Think about it, other than Ash we’ve never had a cast of characters that survived more than two minutes but now there’s a crew of Ghostbeaters! Don’t worry as we still have randoms coming in and out that leave you to ponder, “How long can this poor Shemp live?” as they burst into blood and viscera. There are shots that revel in the grotesque, but there are also shots that revel in who our heroes are and delve into their psyches, the specialty of the Deadites! For those who’d like to follow along with the shots in the show, I’ve given you the time these shots show up if you’re watching the show on Netflix skipping the recaps.

To see the images in their full-size glory, give them a groovy little click!

S1E1: “El Jefe”
Directed By Sam Raimi
The flashlight twirling on the ground illuminating the scene as it spins on the two detectives faces gives way to one of the best sequences in the series. As Amanda’s deadite partner attacks her, the light spins furiously with the actions of the scene as she tries to retrieve her gun. When she retrieves the gun and aims it at the deadite the audience member would get a sigh of relief that she would triumph but is then tricked into terror. The flashlight spinning becomes slower and slower on both their faces as the man cries in pain pleading to his partner. The light illuminates his transformation back into a deadite horrifyingly for a slow dread filled shot. This shot and sequence show Sam still has it and sets up the series for what’s to come.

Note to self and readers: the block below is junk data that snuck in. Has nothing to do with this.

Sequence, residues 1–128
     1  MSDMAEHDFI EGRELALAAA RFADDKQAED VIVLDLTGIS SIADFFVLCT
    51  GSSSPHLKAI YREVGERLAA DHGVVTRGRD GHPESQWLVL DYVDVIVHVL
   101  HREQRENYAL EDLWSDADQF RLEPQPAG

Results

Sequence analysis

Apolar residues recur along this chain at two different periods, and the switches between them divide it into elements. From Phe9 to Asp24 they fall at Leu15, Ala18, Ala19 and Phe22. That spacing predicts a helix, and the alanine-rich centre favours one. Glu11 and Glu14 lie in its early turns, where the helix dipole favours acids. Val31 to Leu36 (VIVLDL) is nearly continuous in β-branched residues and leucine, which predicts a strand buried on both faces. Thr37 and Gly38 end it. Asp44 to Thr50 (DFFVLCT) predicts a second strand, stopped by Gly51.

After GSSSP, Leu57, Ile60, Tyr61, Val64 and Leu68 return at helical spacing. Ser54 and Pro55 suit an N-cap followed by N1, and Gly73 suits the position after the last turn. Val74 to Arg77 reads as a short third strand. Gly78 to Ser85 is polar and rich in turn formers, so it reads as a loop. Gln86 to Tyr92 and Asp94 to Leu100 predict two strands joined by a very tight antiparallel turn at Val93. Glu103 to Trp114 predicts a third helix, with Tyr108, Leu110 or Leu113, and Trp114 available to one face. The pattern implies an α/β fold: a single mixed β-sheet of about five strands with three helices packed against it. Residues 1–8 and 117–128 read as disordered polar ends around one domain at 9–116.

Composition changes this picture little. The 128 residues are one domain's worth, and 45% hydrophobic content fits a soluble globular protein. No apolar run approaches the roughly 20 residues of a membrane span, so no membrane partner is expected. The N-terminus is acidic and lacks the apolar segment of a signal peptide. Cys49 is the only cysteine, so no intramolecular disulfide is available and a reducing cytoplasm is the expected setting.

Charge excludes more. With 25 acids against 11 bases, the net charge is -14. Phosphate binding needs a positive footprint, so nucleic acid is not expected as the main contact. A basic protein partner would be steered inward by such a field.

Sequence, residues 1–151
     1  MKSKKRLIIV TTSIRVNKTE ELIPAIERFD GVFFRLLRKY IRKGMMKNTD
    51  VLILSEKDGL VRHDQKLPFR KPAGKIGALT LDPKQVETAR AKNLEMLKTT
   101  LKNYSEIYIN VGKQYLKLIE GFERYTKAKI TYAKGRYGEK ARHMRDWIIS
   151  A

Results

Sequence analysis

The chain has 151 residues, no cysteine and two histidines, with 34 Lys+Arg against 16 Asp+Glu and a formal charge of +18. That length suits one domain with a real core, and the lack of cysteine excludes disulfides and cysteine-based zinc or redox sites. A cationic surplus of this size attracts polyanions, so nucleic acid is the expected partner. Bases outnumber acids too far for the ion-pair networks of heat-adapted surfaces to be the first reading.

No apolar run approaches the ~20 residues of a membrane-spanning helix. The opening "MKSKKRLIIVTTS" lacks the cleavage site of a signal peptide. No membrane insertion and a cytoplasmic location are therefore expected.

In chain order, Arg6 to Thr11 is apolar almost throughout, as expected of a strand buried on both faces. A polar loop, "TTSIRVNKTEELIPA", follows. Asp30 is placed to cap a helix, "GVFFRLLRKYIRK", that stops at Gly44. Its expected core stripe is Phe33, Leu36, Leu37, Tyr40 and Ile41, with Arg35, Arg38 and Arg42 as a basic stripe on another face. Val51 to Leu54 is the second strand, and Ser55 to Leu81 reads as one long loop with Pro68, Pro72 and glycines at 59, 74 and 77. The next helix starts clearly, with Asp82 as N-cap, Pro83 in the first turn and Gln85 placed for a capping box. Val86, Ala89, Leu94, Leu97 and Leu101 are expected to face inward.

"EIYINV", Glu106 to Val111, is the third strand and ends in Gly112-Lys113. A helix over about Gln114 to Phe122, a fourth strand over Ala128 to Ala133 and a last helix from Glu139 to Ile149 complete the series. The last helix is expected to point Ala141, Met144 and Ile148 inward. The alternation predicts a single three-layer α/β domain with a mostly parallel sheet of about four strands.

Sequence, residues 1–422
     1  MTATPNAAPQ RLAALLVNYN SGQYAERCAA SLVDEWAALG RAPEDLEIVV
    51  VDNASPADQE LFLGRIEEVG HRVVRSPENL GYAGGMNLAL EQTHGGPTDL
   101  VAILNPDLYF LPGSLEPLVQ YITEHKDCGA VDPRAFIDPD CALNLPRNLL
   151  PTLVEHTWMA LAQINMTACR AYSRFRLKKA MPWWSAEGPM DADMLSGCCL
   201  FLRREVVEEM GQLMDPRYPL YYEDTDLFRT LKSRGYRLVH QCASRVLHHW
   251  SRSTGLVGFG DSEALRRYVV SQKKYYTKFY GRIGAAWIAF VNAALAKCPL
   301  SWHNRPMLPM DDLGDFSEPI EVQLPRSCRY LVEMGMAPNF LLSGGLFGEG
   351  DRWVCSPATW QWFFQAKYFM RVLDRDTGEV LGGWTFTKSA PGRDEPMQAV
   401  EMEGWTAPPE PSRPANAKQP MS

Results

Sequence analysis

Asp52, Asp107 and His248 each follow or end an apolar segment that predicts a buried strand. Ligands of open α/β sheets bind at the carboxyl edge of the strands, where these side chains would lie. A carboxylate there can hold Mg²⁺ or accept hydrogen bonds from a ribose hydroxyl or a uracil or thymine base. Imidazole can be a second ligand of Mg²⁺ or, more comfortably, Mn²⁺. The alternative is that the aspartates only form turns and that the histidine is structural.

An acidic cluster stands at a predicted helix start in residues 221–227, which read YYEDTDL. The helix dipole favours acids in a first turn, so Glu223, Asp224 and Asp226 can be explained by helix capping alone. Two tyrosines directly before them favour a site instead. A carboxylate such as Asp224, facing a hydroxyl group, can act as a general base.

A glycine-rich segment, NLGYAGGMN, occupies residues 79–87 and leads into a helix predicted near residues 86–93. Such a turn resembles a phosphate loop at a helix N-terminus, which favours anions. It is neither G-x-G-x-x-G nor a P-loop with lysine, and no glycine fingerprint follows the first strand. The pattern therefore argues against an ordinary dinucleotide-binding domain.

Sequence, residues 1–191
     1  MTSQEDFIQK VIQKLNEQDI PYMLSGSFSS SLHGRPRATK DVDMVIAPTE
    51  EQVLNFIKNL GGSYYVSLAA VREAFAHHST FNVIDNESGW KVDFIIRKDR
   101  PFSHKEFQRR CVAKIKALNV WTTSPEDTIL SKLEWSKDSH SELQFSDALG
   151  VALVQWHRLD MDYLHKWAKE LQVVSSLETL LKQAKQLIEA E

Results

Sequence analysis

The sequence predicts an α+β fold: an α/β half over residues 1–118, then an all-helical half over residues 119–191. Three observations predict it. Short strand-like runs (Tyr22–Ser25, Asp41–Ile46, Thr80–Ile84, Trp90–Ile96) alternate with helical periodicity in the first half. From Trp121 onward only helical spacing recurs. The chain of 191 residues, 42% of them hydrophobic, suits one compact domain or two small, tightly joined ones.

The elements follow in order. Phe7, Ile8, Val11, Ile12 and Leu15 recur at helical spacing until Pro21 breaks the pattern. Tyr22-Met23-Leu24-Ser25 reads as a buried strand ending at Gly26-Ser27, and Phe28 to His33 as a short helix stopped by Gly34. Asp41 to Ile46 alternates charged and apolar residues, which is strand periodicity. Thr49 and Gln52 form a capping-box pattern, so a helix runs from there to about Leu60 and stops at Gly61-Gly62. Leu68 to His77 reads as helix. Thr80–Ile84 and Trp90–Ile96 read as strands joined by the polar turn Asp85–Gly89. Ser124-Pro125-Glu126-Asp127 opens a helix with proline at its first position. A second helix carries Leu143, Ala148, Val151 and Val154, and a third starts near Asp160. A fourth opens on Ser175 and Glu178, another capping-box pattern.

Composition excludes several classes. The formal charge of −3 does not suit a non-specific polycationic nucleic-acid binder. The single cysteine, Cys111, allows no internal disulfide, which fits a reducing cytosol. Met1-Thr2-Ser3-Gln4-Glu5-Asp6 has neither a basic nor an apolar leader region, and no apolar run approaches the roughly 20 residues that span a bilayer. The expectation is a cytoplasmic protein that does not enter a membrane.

S1E2: “Bait”
Directed By Michael J. Bassett
As Ash brings down the cross upon the ground the camera pans to Pablo and Kelly with a bright sunrise upon them. While the horrors of the night are over it is this sunrise the signifies the dawning of Kelley’s new life and her dialogue over this shot swears her vengeance.

S1E3: “Books From Beyond”
Directed By Michael J. Bassett
Up until this point, Ruby has remained a mystery and not given us a sense of danger. Against the howl of the windmill in the background bathing in the moonlight we see her unleash the Kandarian dagger upon the already impaled deadite with a smirk on her face. This shot unravels her mystery bit by bit hauntingly as the first person besides Ash to stare down a Deadite with no fear.

S1E4: “Brujo”
Directed By David Frazee
The Brujo’s entire set up is pretty creepy with all sorts of totems that he utilizes for good but look haunting. When Kelly steps into the barn possessed by Eligos the totems come to life and react to the evil stepping before them. The best one though is the face that quickly begins to disappear bit by bit as Kelly approaches. It utters the word Mentirosa, Spanish for a liar, as she steps forth, giving way to a visually striking and terrifying warning.

S1E5: “The Host”
Directed By: David Frazee
Pablo bids farewell to his youth and tutelage under the Brujo while stepping into a new life with Ash that is more in tune with his family’s spiritual upbringing. With each totem lighting up as Pablo walks by the shots build Pablo’s feelings of loss toward a teacher as Pablo emerges a warrior that foreshadows his importance later to come as the first magical force of good in a fight that’s only ever cast spells of evil.